De Lima presses for Senate probe on tax liabilities, alien employment in POGOs

Published March 20, 2019, 3:53 PM

by Patrick Garcia

By Hannah Torregoza

Opposition Senator Leila de Lima on Wednesday reiterated her call for a Senate inquiry into the alleged failure of foreign gaming firms to comply with proper taxation and lawful employment of their alien workers.

FACING ARREST – Senator Leila de Lima is in fighting form in this photo taken at a press conference in the Senate last Tuesday. A regional trial court on Thursday ordered her arrest. (Jansen Romero | Manila Bulletin)

De Lima, who earlier filed Senate Resolution No. 1030 pressed for a legislative probe into the reported failure of Philippine Offshore Gaming Operations (POGO) firms to comply with government regulations on foreign workers.

The detained senator lamented that these firms were notably remiss in paying appropriate personal income taxes due to the Philippine government.

“Given the huge discrepancy between the number of foreign POGO workers in the Philippines and tax revenues from them, there is a need to document all foreign workers to ensure the legality of their presence and identify their taxpayer classification,” de Lima said.

Finance Secretary Carlos G. Dominguez III earlier claimed that the government is losing at least P3-billion in tax revenues a month from foreign POGO workers who do not pay personal income taxes.

Dominquez calculated that from an estimated 100,000 foreign workers earning about US$2,500 a month, each had to pay 25 percent personal income tax amounting to US$600.

It is estimated that the Bureau of Immigration (BI) had issued various forms of temporary work permits to around 95,000 foreign nationals working as POGO employees, middle of 2018.

The former justice secretary pointed out that the concerned government agencies should consolidate the list of foreign workers in the POGO industry to accurately determine their corresponding tax liability.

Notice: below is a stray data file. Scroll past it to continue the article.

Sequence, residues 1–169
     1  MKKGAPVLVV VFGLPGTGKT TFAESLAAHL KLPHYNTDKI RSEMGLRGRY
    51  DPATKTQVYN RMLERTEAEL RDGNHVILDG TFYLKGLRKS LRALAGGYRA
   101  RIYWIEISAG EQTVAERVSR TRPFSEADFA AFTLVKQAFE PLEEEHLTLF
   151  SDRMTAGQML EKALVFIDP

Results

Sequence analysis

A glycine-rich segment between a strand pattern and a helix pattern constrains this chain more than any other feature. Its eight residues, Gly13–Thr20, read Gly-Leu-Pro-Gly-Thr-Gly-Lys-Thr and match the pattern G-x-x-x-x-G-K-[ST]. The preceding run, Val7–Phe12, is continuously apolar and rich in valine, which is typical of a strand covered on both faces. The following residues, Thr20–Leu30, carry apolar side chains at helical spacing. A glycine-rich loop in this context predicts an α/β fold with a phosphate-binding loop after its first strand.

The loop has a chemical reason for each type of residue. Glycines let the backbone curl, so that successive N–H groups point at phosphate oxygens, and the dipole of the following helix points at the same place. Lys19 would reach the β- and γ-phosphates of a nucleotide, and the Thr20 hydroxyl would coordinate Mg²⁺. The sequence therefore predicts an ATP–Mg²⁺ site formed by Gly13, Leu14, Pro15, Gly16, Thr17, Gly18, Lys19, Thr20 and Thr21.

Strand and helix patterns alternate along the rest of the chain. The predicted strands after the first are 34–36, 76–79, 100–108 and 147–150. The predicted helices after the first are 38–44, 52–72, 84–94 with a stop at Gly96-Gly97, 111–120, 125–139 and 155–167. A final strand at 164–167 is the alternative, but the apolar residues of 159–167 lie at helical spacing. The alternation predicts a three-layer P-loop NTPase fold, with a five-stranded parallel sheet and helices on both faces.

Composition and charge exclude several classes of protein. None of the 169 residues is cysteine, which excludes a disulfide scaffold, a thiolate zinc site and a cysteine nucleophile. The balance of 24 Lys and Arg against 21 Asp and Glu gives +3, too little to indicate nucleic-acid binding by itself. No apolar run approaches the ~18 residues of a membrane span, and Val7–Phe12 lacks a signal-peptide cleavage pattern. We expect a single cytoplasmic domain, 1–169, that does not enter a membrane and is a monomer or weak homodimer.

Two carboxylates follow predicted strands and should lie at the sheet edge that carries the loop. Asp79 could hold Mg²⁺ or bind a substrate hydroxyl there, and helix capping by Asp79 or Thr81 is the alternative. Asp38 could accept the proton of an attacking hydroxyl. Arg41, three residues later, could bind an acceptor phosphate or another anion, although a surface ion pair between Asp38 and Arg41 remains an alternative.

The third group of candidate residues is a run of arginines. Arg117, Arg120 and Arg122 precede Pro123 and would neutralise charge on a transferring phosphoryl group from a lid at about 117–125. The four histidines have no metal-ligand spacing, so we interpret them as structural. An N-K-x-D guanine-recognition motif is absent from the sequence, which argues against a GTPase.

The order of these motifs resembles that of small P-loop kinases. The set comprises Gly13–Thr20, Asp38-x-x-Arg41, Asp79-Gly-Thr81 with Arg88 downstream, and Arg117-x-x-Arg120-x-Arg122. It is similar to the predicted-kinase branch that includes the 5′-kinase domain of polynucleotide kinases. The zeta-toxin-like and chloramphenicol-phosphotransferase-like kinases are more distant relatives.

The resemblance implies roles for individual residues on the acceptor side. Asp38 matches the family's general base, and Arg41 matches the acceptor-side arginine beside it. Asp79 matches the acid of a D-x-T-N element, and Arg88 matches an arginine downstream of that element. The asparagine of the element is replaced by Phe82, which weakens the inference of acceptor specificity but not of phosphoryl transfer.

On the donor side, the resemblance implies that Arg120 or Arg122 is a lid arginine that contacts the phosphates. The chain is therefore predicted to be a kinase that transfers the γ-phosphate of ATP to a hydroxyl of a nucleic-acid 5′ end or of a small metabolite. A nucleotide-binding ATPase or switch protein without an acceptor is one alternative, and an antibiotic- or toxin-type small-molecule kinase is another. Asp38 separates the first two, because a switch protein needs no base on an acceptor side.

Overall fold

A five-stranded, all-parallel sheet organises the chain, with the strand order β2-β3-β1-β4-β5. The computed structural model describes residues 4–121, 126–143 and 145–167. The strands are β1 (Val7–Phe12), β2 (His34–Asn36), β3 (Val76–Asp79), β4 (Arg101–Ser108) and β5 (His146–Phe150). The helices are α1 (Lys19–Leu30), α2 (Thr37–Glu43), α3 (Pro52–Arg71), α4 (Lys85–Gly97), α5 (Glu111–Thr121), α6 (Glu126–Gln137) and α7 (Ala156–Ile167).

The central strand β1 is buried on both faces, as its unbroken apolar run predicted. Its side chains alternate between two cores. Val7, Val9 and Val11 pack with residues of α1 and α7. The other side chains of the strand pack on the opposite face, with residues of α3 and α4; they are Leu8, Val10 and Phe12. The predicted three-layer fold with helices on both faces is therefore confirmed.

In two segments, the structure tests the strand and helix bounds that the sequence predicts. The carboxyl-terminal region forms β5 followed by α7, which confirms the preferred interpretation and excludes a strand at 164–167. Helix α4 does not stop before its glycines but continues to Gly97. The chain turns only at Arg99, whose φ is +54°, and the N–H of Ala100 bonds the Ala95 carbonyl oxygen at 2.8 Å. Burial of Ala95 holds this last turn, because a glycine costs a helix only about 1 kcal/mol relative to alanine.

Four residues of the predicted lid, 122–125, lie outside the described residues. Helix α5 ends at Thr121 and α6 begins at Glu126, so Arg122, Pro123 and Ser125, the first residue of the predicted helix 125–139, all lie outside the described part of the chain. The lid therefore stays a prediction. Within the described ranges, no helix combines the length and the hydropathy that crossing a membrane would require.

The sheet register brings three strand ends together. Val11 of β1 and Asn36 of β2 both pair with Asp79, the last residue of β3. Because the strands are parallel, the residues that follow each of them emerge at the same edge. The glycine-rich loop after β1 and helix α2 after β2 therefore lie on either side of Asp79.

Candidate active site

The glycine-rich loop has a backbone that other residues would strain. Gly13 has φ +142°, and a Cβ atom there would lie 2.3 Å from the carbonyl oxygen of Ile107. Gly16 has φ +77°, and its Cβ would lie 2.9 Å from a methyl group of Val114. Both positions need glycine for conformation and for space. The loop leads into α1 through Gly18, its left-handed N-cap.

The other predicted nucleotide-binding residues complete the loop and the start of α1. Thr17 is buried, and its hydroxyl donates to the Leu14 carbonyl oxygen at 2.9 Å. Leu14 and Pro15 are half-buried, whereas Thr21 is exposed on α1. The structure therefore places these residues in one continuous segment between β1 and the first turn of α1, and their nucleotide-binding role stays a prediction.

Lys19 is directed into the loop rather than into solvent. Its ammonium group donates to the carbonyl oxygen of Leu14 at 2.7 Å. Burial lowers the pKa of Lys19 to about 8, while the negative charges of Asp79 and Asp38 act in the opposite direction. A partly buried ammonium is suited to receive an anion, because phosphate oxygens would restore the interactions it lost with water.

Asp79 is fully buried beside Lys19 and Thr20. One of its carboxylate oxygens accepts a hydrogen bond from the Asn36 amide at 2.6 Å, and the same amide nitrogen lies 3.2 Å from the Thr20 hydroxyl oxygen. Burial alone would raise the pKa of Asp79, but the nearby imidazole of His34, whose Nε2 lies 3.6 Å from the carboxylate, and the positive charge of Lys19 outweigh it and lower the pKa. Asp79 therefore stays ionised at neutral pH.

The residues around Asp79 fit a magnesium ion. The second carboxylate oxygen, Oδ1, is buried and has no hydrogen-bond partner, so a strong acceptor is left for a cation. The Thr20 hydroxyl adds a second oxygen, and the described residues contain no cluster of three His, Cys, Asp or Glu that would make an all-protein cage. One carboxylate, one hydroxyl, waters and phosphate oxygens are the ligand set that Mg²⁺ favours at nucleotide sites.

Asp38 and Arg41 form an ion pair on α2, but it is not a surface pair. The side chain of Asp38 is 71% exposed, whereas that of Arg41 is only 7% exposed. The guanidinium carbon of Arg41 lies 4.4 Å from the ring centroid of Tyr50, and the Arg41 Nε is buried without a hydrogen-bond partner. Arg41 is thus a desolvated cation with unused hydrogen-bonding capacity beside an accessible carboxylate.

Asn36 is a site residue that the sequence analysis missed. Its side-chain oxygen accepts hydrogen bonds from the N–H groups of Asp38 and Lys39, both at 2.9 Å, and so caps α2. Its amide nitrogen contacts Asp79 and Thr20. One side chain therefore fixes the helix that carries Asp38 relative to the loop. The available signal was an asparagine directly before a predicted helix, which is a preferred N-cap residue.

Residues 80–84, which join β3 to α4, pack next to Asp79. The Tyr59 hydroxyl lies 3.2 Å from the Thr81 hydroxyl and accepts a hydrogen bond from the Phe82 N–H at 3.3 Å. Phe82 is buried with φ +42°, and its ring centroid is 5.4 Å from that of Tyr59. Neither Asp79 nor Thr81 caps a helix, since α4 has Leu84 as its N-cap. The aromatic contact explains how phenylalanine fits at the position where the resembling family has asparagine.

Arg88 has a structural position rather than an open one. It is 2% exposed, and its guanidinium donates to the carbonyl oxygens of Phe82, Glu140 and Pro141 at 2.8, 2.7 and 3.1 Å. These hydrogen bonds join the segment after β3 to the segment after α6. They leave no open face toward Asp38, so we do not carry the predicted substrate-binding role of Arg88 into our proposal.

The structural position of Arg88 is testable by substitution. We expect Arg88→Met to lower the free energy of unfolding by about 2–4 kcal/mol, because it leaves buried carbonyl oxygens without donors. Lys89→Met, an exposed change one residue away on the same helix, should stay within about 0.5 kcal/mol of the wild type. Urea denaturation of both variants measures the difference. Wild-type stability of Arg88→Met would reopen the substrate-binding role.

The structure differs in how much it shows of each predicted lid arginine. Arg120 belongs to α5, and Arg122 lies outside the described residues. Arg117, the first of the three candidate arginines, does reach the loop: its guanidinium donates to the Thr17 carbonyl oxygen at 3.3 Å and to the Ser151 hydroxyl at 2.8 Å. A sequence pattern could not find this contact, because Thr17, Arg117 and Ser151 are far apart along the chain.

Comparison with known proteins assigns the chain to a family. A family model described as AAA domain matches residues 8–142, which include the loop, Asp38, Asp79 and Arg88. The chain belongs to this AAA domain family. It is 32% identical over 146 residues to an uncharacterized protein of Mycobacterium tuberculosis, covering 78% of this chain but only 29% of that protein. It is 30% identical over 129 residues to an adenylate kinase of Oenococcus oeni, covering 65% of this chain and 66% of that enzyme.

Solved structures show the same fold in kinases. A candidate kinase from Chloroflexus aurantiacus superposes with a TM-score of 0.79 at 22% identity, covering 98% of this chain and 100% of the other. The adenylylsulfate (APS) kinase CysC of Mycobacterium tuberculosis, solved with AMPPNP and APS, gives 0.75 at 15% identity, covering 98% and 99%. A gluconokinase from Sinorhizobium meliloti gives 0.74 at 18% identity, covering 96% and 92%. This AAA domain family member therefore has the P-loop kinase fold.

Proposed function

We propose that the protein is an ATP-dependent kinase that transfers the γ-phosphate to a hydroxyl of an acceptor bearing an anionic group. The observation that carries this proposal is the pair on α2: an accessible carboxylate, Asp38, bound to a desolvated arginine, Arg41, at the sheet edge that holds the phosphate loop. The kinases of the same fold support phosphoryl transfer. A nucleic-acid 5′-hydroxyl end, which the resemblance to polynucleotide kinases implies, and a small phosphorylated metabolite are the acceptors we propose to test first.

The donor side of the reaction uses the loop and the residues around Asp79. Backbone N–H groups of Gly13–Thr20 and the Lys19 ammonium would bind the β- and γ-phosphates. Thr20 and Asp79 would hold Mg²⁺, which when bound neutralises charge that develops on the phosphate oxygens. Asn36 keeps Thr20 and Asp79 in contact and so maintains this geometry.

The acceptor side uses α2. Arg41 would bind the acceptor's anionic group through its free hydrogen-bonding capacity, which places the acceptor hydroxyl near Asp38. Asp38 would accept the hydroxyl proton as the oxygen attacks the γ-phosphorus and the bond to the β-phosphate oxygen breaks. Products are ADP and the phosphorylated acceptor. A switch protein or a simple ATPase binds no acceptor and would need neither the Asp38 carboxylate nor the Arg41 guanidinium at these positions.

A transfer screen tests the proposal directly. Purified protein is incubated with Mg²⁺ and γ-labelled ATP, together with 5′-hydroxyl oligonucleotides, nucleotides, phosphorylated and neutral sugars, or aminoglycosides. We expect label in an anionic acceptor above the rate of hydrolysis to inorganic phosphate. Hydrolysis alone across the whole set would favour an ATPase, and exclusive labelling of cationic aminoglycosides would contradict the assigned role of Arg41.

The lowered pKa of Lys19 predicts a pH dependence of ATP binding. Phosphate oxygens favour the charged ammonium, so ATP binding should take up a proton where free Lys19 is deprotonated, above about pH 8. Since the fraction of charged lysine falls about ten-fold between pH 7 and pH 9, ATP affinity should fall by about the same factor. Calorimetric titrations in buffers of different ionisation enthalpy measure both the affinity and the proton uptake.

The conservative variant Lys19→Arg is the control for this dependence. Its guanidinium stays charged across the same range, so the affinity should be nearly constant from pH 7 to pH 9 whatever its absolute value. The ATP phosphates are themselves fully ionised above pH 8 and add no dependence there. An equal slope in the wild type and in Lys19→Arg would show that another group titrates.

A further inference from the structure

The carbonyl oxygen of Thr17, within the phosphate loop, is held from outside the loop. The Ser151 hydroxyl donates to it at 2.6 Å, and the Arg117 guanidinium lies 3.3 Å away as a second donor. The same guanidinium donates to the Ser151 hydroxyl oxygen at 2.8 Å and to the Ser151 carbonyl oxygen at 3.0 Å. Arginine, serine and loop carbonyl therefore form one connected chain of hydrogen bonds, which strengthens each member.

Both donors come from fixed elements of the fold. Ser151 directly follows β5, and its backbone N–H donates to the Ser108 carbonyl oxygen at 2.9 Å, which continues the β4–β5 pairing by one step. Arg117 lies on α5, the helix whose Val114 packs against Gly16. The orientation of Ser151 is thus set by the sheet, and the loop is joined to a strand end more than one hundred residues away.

“These discrepancies in government records of foreign nationals employed in POGO establishments show how flawed our current registry and regulation system is and highlights the lack of a unified and harmonized effort among different agencies,” she said.

The Department of Foreign Affairs (DFA), Department of Justice (DOJ), Department of Labor and Employment (DOLE), Department of Trade and Industry (DTI), Philippine Amusement and Gaming Corporation (Pagcor) and the Securities and Exchange Commission (SEC) are the agencies in charge of providing and registering POGO workers.

“This failure of our government agencies to coordinate their regulatory activities could lead to serious issues, including those of criminality, national security, and possible abuse of our citizens by undocumented foreign nationals,” De Lima added.

De Lima has earlier also filed Senate Resolution No. 953 urging the Senate to look into what she called “loose regulatory policies” on the operations of casino-entertainment resorts, online gaming sites and junket casinos in the country.

As of September, the government has authorized 57 foreign gaming companies with at least four integrated casino-entertainment resorts in Metro Manila located near the Ninoy Aquino International Airport (NAIA) to cater to their high-rolling, foreign clientele.

De Lima said that despite President Rodrigo Duterte’s moratorium on new casinos effective January 2018, more casinos are scheduled to open in the coming years, which may place the gambling and casino industry at serious risk of market saturation and oversupply.